"Continuous play” for playgrounds was created by Steve King in 1967, as his final thesis project at Iowa State University. Continuous play describes playground play events that are attached to one another, or provide a continuous play experience for children. With continuous play, children can move from play event to play event without touching the ground. This new type of playground design saved space while encouraging independent decision-making and interaction among kids—an important ingredient in children's development. In 1971, Steve and his wife, Barb, founded Landscape Structures.
Continuous play playgrounds can be constructed from a wide variety of materials. For residential applications, wood is quite popular. For commercial playgrounds, steel or aluminum posts, rotomolded plastic and other heavy-duty materials are utilized. These playgrounds are designed to last for many years of use.
Unlike the previous generation of playground equipment or freestanding play components which consisted of detached slides, swings, monkey bars, spinners and climbers, this new type of continuous-play philosophy changed the way playgrounds were designed and constructed. Now, nearly all modern playgrounds utilize this continuous play style. It provides a more creative, active and interesting play experience for children.
Continuous play concepts are used in the design of play structures or playgrounds for children ages 2 to 12+, and these play structures often include connected slides, swings, play panels, climbers, overhead play events and other play equipment. Continuous play playgrounds can vary from two connected play events to dozens of play events or more. They can include varying elevations and offer varying sizes, depending on the site.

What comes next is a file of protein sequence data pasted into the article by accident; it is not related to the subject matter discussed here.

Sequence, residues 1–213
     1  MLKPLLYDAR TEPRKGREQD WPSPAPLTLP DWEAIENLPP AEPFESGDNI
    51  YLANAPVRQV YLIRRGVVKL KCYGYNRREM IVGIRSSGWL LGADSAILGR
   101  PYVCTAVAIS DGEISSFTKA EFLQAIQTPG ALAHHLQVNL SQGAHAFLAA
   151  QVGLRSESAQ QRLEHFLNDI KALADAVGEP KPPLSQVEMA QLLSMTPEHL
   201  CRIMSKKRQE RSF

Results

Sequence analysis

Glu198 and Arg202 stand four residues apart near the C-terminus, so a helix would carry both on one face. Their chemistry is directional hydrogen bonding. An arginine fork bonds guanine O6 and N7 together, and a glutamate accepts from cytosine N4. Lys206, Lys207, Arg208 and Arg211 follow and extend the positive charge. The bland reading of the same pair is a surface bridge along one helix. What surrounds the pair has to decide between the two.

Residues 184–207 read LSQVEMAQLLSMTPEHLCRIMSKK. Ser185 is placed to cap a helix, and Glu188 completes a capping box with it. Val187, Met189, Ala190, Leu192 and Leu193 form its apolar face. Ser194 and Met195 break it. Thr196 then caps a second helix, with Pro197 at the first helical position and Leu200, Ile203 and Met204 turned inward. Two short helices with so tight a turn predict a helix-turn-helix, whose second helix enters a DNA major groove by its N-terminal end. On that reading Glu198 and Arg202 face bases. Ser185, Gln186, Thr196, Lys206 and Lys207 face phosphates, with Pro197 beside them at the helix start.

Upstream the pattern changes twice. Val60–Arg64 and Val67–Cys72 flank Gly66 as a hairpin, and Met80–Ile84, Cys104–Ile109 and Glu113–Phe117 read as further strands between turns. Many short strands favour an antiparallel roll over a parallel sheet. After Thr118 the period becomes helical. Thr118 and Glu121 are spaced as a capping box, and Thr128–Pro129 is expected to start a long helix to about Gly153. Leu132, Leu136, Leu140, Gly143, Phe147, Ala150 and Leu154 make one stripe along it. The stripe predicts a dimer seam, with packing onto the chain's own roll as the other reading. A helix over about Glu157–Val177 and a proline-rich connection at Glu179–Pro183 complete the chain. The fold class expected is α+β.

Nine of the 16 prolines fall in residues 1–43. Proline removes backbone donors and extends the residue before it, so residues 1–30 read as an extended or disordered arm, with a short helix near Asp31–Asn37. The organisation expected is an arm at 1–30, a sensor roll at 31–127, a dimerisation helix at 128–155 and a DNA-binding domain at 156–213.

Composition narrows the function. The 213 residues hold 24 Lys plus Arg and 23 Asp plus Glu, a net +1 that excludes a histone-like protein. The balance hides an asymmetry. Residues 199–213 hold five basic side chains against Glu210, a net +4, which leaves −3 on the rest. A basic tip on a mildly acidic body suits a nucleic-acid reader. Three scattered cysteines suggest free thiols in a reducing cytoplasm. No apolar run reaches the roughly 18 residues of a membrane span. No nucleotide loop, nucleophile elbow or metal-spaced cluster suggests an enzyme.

Playgrounds also often include wheelchair ramps and accessible play components which allow children utilizing wheelchairs to join in the fun. These are called inclusive playgrounds. There are many types of play events that are specially designed for children with mobility issues, including play panels, often called reach panels, racing areas with appropriate surfacing, and adaptive play events.
When utilizing continuous play-type playgrounds, children of all abilities develop social skills by learning how to take turns and enjoy spontaneous, unscripted play experiences which expand their creative skills.
Continuous play playgrounds can be found worldwide in a wide variety of settings. These include school playgrounds, city, state and neighborhood parks, private locations (i.e. fast food restaurants), churches, daycare centers, even building roofs, parking structures, theme parks and more. Playgrounds that utilize the continuous play concept use safety surfacing under the playstructure in case of falls. This surfacing can be comprised of engineered wood mulch, pea gravel, solid rubber surfacing, shredded rubber or other surfaces. The depth of the safety surfacing depends on the type of playground events, as well as the height.
Some continuous play playgrounds are preconfigured, like our PlaySense® line. In other words, a buyer chooses an “off-the-shelf” design. At Landscape Structures, we also offer completely themed playground designs, both for the playground and the play equipment.
There are several institutions that issue safety guidelines for continuous play and other types of play equipment, especially in the United States. These include the Consumer Product Safety Commission (CPSC), and the American National Standards Institute. A professional can become a Certified Playground Safety Inspector (CPSI) through the National Playground Safety Institute (NPSI), a designation that is nationally recognized.